Minimum Deterrence puts a very tight box around the types of forces the United States should have.They shouldn’t be numerous, they shouldn’t be counter force, they shouldn’t provide damage limitation capability, they shouldn’t look like they’re for war fighting purposes; and they should be effective at retaliating against societal targets.So that’s essentially what Minimum Deterrence is.And the numbers, as I said, depending on the proposals you read, range from several—literally several nuclear weapons are adequate for the U.S. force posture, up to about 1,000.Depending on which proposal you read, you’ll see the numbers in there are somewhere—100 is a frequent number, 500 is a frequent number, but they range from several up to about 1,000.
As I said, the goal of the 2013 study was to assess this Mini-mum Deterrence narrative against actual evidence and logic.The conclusions that we came to, that this group came to, was that by and large the Minimum Deterrence narrative is contrary to evidence that is available with regard to how you might put together a methodology for force sizing.It’s contrary to evidence and it has internal logical problems.In other words, it’s self-contradictory in many ways.Other than that, it’s a brilliant piece of work.
So that was the conclusion of the first study.Many of you have it.If you don’t, let us know and we can make sure we get you a copy, or Peter can make sure you get a copy.
We started working on the 2014 study while this one was being briefed.What we wanted to do with this sequel was address the question:if not Minimum Deterrence then what?It’s not enough just to drive a stake through the heart of Minimum Deterrence—an approach that has zombie-like resilience.It comes back every decade, sometimes by a different cast of characters, sometimes by the same cast of characters that was presenting it in the ‘60s.It’s not enough just to put a stake through the heart of Minimum Deterrence, we need to provide an alternative. So the study coming out today is subtitled, “A Prudent Alternative to Minimum Deterrence.”
And so let me suggest just two things, and I’m not going to take much more time here.The first is, why do this?And, why go about this?
As far as I can see there is nothing comparable to these two studies.If it exists somewhere, it exists in great secrecy.I can’t find anything that actually does this work anywhere, including my old, old dusty archives of work at Hudson Institute work.
I thought if somebody has done this work before, it must have been the late, great Herman Kahn. But, I couldn’t find it.It’s amazing, given the longevity and the political salience of Minimum Deterrence, that no one, as far as I can tell, has subjected it systematically to the light of evidence.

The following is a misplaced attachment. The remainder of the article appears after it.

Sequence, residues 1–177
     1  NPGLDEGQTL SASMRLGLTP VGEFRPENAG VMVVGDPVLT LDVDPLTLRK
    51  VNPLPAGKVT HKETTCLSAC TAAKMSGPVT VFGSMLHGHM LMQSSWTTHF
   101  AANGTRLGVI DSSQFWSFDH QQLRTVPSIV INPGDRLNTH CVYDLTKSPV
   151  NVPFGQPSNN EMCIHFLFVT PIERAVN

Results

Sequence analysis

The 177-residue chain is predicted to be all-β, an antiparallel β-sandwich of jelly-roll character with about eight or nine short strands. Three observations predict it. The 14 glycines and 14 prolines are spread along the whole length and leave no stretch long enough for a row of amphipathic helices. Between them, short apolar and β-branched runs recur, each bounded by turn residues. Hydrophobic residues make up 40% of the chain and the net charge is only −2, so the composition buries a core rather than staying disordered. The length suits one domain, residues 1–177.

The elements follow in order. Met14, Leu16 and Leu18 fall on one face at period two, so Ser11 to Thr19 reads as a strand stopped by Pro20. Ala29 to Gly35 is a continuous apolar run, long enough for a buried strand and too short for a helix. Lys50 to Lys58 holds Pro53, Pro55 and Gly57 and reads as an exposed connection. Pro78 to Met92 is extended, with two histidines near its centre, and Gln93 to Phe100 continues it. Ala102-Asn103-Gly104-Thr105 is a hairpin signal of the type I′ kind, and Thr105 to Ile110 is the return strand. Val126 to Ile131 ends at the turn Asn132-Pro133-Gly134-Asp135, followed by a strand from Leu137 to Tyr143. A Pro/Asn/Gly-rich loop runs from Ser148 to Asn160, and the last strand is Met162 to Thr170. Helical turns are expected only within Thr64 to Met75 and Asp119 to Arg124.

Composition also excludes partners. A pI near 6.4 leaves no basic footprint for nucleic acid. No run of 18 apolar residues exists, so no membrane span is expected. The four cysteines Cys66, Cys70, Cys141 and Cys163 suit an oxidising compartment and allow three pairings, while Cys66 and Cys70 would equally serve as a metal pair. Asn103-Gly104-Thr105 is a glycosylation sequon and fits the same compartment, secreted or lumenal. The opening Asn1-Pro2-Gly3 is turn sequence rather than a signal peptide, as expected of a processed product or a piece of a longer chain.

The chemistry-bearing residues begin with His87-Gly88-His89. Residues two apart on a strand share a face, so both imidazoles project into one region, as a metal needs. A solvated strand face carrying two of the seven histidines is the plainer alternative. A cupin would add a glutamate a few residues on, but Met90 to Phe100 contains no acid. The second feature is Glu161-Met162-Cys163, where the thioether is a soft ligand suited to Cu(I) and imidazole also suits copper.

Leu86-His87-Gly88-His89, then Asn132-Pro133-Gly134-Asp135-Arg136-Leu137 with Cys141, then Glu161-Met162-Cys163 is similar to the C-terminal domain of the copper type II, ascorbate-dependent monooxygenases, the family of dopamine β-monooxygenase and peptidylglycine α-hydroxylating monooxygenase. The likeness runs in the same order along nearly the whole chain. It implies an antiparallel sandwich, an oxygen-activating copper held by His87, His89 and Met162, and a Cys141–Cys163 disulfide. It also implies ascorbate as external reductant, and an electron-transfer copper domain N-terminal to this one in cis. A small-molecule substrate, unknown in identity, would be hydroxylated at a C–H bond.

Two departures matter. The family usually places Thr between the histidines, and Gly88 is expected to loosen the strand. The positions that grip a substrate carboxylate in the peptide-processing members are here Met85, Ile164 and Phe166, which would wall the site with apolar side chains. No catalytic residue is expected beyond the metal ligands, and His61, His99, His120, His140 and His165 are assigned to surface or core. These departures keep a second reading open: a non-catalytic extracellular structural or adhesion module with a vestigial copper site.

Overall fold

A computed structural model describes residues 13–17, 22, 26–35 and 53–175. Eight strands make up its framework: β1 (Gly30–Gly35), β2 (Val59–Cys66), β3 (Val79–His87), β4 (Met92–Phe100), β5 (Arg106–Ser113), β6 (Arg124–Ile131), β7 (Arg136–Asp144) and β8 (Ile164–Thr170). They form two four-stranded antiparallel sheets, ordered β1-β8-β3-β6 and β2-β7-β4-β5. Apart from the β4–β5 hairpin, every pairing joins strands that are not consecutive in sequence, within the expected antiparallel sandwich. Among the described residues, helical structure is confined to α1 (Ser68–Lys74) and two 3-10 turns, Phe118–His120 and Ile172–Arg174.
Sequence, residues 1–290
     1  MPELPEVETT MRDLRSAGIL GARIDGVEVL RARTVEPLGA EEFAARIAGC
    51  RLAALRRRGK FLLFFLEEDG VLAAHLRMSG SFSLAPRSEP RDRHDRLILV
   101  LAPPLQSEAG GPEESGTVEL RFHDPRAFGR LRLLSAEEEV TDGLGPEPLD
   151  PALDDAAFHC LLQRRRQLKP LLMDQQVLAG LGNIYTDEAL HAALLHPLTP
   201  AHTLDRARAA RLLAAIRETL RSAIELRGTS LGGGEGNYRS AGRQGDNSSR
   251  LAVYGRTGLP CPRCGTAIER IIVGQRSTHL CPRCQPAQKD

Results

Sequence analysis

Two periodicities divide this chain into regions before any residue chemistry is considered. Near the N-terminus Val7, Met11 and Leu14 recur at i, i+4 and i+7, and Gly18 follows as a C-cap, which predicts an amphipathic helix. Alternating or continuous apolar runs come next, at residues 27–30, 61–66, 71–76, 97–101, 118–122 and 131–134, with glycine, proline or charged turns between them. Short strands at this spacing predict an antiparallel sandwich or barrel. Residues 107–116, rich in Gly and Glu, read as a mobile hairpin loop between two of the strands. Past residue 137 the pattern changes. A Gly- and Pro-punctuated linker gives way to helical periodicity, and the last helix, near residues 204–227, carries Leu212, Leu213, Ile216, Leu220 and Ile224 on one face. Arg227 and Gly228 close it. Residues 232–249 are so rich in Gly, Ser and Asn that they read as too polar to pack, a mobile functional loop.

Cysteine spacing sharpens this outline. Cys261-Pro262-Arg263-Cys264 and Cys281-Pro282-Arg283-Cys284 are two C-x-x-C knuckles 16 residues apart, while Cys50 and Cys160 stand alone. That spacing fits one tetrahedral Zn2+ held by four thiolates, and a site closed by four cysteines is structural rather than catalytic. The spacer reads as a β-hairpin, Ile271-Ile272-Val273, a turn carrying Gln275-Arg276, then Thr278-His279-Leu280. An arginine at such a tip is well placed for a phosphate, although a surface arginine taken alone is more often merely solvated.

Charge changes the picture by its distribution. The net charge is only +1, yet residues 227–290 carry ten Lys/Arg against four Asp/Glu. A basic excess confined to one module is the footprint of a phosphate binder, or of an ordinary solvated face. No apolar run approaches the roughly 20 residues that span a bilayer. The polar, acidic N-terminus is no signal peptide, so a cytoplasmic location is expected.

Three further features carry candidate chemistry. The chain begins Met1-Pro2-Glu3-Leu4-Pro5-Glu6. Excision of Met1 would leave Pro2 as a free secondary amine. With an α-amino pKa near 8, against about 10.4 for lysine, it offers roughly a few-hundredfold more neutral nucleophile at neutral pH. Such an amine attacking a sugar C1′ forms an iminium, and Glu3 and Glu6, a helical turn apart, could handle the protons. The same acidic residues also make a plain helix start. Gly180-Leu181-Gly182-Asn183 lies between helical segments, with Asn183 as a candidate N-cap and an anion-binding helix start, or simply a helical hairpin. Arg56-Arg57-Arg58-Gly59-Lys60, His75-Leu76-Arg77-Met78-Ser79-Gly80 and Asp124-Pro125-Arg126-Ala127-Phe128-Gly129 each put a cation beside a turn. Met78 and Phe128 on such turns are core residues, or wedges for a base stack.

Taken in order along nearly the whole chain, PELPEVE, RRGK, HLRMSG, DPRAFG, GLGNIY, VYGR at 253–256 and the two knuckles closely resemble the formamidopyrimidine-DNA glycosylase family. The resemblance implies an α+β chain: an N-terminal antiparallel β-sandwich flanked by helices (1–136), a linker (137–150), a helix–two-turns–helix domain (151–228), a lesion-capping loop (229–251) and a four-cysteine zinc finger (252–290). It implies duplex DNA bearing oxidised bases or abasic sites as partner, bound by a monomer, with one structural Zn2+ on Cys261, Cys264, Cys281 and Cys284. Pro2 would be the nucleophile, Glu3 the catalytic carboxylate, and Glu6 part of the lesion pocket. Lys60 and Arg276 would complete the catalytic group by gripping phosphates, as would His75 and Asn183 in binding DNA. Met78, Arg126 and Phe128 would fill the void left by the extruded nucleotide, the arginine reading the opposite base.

My colleagues and I decided to fill this gap in the debate.So the question is, Why do it now?
I think the answer is because in many, perhaps most quarters in this town, the Minimum Deterrence narrative, just as I described it, dominates thinking.It dominates what is thought to be a post-Cold War thinker; in fact, the mocking criticism of anything that’s outside of the Minimum Deterrence narrative is that it is Cold War thinking.So what we wanted to do was take a close look at this powerful narrative with regard to U.S. strategic weapons, nuclear weapons and policy and arms control.
I think it’s fair to say that Minimum Deterrence has been increasingly powerful for about the last two decades.Despite the best efforts of a relatively small group of people, some of whom are in this room right now, this particular approach to thinking about nuclear force policies is winning the competition of ideas.In fact, I’m always surprised that people are surprised when developments that are consistent with Minimum Deterrence emerge.In each case, the question is, how did that happen?
What’s a reflection of this?Well, RNEP gets killed.How did that happen?Prompt global strike gets killed or downplayed.How did that happen ? RRW gets killed.How did that happen? The future of the triad is extremely questionable.How does that happen?We give up TLAM-N unilaterally.How did that happen?We put enormous limits on missile defense even though the ABM Treaty is gone.How does that happen?
We have popular Minimum Deterrence proposals for declaratory policies that are ridiculous.For example, the sole purpose declaratory policy is a ridiculous declaratory policy.How does that happen?What it says is that U.S. nuclear weapons are only useful for deterring nuclear weapons, and that’s how we should plan.
But, what about biological weapons?What about chemical weapons?Do we deter those threats with fairy dust?Sole purpose sounds so nice, so balanced.But, it corresponds to acquisition policies that are equally ridiculous in the current environment.For example, the current policy of No new capabilities. Really?No new capabilities?What does that come from?We have no idea what the threats are going to be two years from now, five years from now, 10 years from now.Nevertheless, we’re going to stay with legacy nuclear capabilities from the ‘60s and ‘70s for deterrence essentially forevermore, because somehow we know that those are the capabilities that will be necessary to deter enemies and assure allies 10 years from now?
That’s an unthinking point of view.It says that you can predict the future and you know that what you’ve got now is just right.But, no one can predict that.You’d have to be omniscient to know that, but that’s U.S. policy.These are all reflections of Minimum Deterrence.